What is Age Discrimination?
Age discrimination involves treating employees over 40 years of age unfavorably because of their age.
The Age Discrimination in Employment Act and the Illinois Human Rights Act prohibit age discrimination in employment. The law protects any worker over the age of 40.
It is illegal for an employer to discriminate against employees based on age in terms of hiring, classification, grading, discharge, promotion, discipline, compensation or other terms or conditions of employment based on age.
One way to prove age discrimination is with evidence that younger employees were treated better.
During an interview, can an employer ask questions about age?
Generally speaking, no. Employers should not judge candidates by their age and asking questions to get candidates to reveal their age could show age discrimination.
Questions that give clues about a candidate’s age are suspicious. Employers also should not ask how much longer a candidate plans to work.
The only question that is ok is “are you are at least 18 years old” because some laws cover youth employment.
What are Some Signs of Age Discrimination?
These experiences could indicate evidence of age discrimination:
- Being told you are overqualified for the job.
- Being told you require a degree to do the job even if you have previously done the same work.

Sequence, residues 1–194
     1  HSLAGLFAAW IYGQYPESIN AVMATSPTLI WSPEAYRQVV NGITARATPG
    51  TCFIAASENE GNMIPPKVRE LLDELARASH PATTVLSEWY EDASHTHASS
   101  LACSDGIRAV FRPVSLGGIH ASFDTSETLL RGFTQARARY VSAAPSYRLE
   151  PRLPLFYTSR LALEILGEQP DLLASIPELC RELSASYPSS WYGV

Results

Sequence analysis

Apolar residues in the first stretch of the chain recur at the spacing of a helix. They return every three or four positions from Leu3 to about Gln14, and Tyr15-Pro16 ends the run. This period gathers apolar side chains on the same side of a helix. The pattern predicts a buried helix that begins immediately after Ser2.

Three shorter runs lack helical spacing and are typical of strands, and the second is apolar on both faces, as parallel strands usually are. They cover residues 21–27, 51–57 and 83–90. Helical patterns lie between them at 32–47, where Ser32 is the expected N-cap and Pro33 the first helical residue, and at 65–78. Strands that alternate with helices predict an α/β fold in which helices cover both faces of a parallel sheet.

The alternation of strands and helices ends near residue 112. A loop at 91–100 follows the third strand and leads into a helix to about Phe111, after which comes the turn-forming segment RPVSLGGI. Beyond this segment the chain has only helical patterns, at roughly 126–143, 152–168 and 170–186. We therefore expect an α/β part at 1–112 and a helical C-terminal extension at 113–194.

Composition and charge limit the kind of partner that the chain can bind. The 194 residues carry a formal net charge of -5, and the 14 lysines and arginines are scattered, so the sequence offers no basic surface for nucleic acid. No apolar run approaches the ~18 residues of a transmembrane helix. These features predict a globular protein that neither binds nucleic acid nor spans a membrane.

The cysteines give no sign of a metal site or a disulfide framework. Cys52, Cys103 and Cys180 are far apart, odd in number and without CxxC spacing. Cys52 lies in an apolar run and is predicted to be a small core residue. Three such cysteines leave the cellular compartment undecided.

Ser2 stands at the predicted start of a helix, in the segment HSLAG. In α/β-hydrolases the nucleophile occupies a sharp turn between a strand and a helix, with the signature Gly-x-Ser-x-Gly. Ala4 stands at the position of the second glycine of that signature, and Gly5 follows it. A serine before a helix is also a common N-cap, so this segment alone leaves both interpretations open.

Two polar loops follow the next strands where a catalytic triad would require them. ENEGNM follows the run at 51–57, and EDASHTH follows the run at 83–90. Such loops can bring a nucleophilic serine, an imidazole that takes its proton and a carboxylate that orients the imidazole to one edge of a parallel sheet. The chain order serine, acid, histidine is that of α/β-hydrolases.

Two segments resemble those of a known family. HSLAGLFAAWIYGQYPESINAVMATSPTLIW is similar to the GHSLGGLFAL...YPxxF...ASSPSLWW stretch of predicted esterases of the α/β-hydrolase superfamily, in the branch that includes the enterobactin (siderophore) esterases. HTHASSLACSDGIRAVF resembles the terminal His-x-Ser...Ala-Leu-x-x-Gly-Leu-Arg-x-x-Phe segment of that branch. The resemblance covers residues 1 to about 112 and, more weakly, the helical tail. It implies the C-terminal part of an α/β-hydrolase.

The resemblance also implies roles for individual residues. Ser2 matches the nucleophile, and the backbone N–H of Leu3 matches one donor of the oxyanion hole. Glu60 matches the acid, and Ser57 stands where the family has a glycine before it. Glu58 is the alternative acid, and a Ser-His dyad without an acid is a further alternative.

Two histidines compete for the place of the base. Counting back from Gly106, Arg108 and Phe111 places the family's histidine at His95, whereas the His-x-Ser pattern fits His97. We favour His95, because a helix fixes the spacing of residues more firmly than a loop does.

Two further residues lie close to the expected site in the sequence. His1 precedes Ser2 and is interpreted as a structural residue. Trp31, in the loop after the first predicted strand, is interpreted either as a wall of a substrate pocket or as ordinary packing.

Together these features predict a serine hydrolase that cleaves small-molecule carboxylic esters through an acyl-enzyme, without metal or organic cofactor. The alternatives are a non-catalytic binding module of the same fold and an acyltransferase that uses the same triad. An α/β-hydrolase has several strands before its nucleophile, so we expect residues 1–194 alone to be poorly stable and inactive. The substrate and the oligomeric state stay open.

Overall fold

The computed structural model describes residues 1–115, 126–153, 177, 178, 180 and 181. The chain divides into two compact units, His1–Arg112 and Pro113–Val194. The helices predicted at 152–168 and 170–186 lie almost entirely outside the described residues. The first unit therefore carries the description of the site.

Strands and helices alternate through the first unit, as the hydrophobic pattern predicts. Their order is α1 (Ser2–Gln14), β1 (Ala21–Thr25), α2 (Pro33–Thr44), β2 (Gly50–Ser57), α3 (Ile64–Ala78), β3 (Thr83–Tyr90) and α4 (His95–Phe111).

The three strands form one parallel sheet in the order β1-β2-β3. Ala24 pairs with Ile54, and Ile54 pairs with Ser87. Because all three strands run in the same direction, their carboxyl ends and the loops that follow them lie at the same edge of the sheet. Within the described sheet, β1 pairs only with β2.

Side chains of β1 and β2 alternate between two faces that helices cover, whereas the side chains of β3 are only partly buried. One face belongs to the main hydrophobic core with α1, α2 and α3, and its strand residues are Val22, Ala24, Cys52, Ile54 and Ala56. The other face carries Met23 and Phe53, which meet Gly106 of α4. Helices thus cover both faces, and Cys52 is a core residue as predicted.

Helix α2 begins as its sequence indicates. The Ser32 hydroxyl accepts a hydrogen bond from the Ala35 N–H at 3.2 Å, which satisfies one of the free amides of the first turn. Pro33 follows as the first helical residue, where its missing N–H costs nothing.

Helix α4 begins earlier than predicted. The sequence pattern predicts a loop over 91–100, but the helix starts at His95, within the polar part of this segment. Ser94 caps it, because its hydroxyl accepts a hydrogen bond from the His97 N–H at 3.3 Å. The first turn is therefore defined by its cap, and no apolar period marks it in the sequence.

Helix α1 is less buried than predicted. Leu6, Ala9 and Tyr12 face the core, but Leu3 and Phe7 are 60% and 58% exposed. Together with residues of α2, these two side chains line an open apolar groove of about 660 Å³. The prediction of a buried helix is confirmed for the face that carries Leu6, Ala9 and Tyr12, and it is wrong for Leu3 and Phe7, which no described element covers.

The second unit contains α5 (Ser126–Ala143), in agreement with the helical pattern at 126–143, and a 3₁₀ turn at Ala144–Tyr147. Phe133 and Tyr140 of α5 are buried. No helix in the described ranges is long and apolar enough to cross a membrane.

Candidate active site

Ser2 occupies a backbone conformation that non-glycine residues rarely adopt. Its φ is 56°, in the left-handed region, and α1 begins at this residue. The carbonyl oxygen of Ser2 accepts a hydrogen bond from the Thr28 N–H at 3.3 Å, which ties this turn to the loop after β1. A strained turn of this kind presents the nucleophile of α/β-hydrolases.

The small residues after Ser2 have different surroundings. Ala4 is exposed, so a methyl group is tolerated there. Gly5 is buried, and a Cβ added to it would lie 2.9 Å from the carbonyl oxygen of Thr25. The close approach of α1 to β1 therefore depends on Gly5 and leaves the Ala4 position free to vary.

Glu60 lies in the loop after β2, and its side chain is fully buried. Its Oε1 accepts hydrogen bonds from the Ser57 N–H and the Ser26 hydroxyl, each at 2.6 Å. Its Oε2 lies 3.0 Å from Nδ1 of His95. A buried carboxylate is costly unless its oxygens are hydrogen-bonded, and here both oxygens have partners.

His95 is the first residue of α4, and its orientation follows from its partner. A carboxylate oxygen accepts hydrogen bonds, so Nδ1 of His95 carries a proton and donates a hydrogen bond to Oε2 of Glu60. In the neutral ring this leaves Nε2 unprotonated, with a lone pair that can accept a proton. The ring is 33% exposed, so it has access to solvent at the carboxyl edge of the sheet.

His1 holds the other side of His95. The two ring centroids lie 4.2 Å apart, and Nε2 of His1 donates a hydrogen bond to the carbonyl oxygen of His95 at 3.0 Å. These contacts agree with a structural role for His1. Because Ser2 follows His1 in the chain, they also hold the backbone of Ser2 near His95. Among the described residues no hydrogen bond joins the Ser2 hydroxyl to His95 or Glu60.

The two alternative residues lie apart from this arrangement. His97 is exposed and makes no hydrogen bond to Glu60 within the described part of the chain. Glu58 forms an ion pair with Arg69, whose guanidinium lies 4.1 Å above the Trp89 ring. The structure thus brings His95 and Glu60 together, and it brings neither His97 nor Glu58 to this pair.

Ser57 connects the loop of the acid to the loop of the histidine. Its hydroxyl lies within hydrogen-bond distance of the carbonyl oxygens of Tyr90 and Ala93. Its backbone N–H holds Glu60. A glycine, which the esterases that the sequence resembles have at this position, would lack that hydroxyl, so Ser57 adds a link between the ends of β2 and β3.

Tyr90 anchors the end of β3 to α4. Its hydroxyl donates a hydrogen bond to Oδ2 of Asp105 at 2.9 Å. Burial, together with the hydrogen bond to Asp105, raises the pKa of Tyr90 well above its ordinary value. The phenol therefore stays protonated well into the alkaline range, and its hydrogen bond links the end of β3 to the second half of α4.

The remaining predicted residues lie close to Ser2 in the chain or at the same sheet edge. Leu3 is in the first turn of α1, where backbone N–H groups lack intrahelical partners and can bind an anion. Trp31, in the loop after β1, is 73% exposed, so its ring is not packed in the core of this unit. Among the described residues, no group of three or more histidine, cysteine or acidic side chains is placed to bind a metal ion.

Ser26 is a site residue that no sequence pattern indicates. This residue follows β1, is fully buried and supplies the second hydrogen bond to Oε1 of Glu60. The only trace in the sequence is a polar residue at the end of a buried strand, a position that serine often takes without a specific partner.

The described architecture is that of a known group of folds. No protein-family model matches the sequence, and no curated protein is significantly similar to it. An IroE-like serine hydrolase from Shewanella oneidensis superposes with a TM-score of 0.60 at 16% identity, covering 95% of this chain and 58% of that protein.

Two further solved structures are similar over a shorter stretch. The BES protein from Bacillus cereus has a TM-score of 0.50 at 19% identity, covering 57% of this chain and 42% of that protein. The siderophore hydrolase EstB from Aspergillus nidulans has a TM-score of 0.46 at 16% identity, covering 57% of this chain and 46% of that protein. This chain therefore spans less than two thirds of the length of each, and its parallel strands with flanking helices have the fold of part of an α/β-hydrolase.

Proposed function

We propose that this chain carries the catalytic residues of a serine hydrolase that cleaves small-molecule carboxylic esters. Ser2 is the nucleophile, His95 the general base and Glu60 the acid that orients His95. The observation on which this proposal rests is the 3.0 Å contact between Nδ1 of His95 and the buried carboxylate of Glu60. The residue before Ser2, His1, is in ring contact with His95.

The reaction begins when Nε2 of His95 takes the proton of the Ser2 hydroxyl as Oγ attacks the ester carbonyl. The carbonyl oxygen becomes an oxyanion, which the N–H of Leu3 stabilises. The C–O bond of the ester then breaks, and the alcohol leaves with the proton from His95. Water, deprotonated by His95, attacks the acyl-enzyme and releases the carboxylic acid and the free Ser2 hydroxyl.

- Being told you must take a physical if not required for all similar applicants.
- Being asked what year you graduated from school.
- Being asked why you are seeking employment at this stage of life.
Under most federal and state guidelines, this line of questioning could be considered evidence age discrimination.
If an employee is treated unfairly because of age, can the employee still have an age discrimination case if the preferred employee is also over 40 years of age?
Generally speaking, yes, if the preferred employee is “substantially younger.”
The Supreme Court ruled age discrimination can happen even if the person favored is also over 40 years of age.
However, courts have ruled that, generally speaking, an age difference of less than 10 years between employees is not substantial proof of age discrimination. The age difference could still be relevant based on other evidence.
What should employees know about age discrimination cases?
The key question is whether an employee can prove that age was unlawfully considered in an employment decision. With good evidence, employees can establish age discrimination even if those treated more favorably were also over 40 years of age.
Do you think you were mistreated at work based on your age? Contact Jeff.